If it doesn’t have this faith in the food supply or environment, it makes the sensible decision to switch off reproduction to preserve energy for the sake of your own survival.

This is known as ‘hypothalamic amenorrhea’, and is a common reason for missing periods.

2. Like many things, low carb diets are a stress on the body

Glucose is the preferred fuel source for every cell in the human body. When we restrict carbohydrate intake, we’re starving our bodies, and our brains (the most glucose-demanding organ of them all) of glucose—and forcing them to run on ketones instead.

That being said, not all stressors are bad. Many health-promoting practices such as exercise, cold exposure and saunas are also stressors and, as such, help the body adapt and become more resilient over time.

But when we live busy, modern lives that already involve work stress, relationship stress, traffic stress, bills stress, family stress and whatever else is going on - the low carb diet can become the straw that breaks the camel's back and throws you into hormonal chaos.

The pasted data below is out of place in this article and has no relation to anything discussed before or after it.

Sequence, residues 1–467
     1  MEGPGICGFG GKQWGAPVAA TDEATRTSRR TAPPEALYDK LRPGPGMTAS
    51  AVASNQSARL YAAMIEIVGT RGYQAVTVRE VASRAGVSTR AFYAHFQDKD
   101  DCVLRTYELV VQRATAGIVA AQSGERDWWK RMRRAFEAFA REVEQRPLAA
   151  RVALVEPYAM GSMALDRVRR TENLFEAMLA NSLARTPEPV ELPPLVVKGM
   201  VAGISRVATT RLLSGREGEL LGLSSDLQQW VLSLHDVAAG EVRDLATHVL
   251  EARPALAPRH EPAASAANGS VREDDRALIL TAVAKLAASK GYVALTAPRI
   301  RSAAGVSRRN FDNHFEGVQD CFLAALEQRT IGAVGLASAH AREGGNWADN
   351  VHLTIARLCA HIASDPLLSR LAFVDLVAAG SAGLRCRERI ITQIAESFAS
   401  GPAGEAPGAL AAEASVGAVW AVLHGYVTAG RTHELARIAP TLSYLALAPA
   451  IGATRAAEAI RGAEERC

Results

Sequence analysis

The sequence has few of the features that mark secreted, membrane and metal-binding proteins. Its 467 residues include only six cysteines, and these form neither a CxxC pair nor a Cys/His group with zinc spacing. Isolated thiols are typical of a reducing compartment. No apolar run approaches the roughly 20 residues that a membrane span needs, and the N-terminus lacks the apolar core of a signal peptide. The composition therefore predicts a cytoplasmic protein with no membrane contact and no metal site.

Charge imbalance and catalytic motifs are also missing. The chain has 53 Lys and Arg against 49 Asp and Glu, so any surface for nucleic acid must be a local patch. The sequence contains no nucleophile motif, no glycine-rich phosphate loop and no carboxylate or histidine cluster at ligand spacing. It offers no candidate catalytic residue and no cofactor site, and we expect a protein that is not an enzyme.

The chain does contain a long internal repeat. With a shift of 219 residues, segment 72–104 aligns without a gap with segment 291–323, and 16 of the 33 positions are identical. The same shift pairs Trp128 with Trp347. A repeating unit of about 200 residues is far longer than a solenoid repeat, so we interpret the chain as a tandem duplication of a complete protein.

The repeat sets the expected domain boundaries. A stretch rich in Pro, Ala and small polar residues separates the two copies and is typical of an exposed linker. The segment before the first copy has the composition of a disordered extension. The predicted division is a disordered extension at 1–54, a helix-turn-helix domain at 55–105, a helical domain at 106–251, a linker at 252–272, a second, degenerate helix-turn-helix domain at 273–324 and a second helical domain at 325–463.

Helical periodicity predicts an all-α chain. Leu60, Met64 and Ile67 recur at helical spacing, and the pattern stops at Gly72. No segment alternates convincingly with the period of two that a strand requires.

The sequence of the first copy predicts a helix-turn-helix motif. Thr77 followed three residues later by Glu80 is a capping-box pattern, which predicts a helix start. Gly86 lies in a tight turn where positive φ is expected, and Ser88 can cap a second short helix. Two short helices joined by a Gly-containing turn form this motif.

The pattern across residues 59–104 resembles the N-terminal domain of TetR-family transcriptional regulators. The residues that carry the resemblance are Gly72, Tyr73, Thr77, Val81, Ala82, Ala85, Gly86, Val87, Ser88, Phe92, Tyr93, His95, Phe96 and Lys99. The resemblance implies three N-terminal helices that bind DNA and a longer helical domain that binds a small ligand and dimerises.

3. Because as a general rule, your hormones need carbs

The right kind of carbohydrates (we’re talking starchy vegetables, whole fruit & gluten-free wholegrains) support your hormones by:

  • Calming the nervous system and improving cortisol response. When eaten at dinner time, ‘gentle’ carbs help to set up our hormones and nervous system for a high quality, restorative sleep.
  • Supporting ovulation and fertility. By letting the hypothalamus know the food supply in your environment is pretty sweet, and it's safe to reproduce.
  • Boosting your mood. Carbohydrates and the insulin released when we eat them allow more tryptophan (the amino acid building block for serotonin) to enter the brain, where it is converted to the mood-boosting neurotransmitter, serotonin.